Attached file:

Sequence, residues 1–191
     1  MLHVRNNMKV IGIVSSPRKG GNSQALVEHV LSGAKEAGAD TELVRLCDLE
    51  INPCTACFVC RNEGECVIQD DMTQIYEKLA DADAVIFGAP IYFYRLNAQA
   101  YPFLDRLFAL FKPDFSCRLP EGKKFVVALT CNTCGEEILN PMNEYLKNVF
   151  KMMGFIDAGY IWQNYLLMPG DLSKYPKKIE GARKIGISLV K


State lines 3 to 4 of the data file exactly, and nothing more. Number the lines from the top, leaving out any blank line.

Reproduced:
    51  INPCTACFVC RNEGECVIQD DMTQIYEKLA DADAVIFGAP IYFYRLNAQA
   101  YPFLDRLFAL FKPDFSCRLP EGKKFVVALT CNTCGEEILN PMNEYLKNVF